Libby Hellmann was the second speaker at the Sisters in Crime pre-Bouchercon workshop and the catchy title of her talk was “To E or not to E.”
Libby thinks the way publishers are behaving with electronic rights is ignorant and blundering. But don’t rush out to make your own ebooks until you have considered the pros and cons of traditional and self-publishing.
Advantages of traditional publishing: don’t underestimate their marketing support. Though they may not offer much personal support except for a small number of books they are promoting heavily, they do send out advanced reader copies and their distribution channels are strong and broad. Having physical books on retailers’ shelves helps get the word out in a different way than online chatter can do. Contrary to rumor, publishers still perform editing. Booksellers are valuable for the handselling they do, and traditional publishers get books into those stores. Awards tend to go to traditionally published books, though that is changing. Reviews, which tend to favor traditional publications, also give authors a valuable third party endorsement. It’s much hard to get reviewed by influential reviewers if you’re self-published.
Disadvantages: the percentage of ebook sales offered to authors is too small. Publishers tend to be inflexible. They are slow in reporting sales and royalties and slow in paying them. The marketing they’re good at is very short-lived – no more than six weeks for a new book, after which the next group of newly-published books is given the spotlight and your book is no longer promoted at all.
Advantages of self-publishing ebooks: control is in the hands of the author. This is attractive to a lot of writers. There is no need to go through intermediaries – agents and publishers. Libby recommends paying for critical services: cover art (which is different than traditional cover art because it is small and has to “pop”); editing – either copyediting or copyediting plus a developmental editor who can help shape a book. Conversion is a cost. Amazon is where her books sell most strongly, but they have so much control in the industry that it’s worrying.
Disadvantages: Amazon is bad when it is bad – which is often (meaning frequent technical problems when uploading ebooks and their associated files and metadata). There is little available at the moment in the way of third-party recommendation mechanisms (such as respected and widely-read reviews). Since there are no gatekeepers, every ebook has to distinguish itself while in the company of some awful dreck. It’s very difficult to know what works for marketing and very hard for readers to discover what’s good. Pricing is tricky – it’s a buyer’s market right now and Libby’s experience is that low is the most powerful price point. She pointed out that you can’t easily move up in pricing without sales plummeting. Moving down in price is another matter. However be aware that you pay a steep price for going low; Amazon pays a much larger percentage on books priced at $2.99 and up in order to discourage the 99 cent book price point expectation.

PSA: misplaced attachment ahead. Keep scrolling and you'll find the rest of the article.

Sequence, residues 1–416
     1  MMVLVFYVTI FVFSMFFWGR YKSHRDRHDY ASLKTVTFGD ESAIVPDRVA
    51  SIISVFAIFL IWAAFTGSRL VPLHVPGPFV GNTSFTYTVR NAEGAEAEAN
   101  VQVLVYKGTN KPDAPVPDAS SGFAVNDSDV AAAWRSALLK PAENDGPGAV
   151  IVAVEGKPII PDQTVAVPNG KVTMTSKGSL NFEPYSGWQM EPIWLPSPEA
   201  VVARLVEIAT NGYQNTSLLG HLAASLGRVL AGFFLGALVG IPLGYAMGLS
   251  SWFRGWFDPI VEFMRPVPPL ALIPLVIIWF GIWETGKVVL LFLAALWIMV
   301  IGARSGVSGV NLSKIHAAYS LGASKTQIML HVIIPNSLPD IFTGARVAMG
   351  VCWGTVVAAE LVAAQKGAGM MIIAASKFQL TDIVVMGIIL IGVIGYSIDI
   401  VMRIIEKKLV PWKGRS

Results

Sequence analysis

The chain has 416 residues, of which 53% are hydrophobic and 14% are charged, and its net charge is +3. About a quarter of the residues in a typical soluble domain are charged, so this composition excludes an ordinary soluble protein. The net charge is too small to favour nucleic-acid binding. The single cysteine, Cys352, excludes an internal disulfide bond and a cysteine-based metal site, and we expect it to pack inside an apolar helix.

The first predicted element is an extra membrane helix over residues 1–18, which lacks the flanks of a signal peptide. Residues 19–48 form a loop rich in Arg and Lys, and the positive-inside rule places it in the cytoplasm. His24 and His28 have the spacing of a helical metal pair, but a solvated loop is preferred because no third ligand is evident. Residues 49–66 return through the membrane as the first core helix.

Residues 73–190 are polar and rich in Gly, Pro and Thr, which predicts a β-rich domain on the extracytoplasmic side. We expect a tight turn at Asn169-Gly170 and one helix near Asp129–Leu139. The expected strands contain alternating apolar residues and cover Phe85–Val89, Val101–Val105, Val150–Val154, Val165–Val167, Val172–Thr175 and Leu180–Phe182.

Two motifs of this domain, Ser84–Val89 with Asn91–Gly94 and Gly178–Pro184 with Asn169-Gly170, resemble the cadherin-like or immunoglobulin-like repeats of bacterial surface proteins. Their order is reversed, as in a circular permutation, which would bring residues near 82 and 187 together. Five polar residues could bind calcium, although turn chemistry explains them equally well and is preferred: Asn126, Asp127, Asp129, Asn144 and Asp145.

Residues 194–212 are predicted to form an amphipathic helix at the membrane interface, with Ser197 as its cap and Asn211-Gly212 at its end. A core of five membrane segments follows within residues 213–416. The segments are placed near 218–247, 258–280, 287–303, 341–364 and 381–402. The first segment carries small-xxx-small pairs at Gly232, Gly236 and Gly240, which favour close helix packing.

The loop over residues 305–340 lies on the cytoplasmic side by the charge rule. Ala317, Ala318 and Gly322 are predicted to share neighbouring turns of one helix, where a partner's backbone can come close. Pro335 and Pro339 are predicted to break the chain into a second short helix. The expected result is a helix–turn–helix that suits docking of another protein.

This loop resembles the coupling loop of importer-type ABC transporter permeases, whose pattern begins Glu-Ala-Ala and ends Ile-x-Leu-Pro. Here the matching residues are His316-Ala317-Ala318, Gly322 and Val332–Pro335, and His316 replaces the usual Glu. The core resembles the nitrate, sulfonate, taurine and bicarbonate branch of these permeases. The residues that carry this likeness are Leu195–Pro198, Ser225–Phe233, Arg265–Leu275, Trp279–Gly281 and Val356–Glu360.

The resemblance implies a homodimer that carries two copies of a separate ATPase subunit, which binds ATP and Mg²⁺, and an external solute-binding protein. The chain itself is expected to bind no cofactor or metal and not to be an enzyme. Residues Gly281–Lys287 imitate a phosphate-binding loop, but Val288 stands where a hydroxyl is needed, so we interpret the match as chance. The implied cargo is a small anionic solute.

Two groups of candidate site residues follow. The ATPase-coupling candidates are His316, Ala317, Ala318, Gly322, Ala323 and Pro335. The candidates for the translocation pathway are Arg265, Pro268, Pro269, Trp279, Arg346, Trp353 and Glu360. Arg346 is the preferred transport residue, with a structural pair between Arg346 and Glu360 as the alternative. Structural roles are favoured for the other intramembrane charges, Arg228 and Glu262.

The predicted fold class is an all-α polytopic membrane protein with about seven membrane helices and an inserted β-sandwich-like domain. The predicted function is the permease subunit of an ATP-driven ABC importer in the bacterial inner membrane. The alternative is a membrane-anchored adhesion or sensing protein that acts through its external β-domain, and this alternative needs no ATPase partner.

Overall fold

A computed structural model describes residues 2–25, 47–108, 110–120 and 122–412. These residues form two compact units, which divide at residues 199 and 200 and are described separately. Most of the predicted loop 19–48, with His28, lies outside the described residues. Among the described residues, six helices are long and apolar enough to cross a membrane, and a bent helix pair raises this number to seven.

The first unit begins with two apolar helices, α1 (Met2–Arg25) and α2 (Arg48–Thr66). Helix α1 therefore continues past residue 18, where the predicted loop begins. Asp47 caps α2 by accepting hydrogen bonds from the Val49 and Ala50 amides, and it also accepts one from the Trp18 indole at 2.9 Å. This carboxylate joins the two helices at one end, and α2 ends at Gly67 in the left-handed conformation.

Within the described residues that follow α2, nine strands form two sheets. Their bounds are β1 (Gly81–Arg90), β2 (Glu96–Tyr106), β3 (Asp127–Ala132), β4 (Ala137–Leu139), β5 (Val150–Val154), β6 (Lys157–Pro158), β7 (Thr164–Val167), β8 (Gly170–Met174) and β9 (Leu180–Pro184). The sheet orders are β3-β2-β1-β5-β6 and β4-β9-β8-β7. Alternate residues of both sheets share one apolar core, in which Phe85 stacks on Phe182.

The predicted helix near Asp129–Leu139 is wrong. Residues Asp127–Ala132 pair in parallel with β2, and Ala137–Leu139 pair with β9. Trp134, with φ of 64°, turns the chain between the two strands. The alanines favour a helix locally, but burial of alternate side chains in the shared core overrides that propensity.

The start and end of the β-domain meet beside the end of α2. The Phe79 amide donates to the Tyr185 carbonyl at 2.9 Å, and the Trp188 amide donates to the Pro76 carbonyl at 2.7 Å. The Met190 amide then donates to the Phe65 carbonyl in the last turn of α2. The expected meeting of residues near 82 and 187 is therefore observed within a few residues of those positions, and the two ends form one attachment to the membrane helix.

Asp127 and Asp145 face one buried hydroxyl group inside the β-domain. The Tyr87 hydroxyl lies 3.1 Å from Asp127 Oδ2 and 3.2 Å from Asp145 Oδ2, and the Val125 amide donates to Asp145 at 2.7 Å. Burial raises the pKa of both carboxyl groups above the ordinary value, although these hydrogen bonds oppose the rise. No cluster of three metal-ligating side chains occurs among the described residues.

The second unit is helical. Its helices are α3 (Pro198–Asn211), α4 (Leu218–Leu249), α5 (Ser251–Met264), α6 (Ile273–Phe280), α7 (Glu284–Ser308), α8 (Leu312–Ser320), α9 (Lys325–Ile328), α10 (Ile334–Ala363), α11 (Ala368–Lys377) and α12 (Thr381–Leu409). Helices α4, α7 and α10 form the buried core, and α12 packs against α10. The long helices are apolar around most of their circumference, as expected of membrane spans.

She also spoke a bit about marketing and the changing role of agents, who can’t make the income they did when advances are dropping so low. Incidentally, she’s a good speaker – very relaxed, yet energetic.
Next, there was a conversation between author Cathy Pickens and bookseller/publisher Jim Huang. Cathy made the scandalous announcement that Jim actually has read ebooks. (He’s a well-known defender of printed books.) That, of course, gave him an opportunity to talk about why he loves print, which was a good addition to the mix. Jim then made the point that authors don’t have to choose between agent and Big Six publishers and self-publishing; small houses offer a third way. Small publishers have the same distribution potential as major publishers so long as they are represented in the Ingram distribution system. What you need to know in choosing a small publisher is its “access to market” – and that means the terms of sale are critical. These conditions for retailers (in this case, booksellers) have to match the industry standard (including discount and returnability) and be advantageous enough for booksellers to carry them; that’s what access to market means for authors. Beware of small publishers that can’t provide retailers the conditions that they need to make selling their books a realistic business proposition; you will lose a major advantage of having someone publish your book. Jim also argued that .99 cent pricing is bad for business, not just because the revenue is low but because it makes it seem all books are fungable – when each is actually unique and each choice should be based on the book, not the price of it.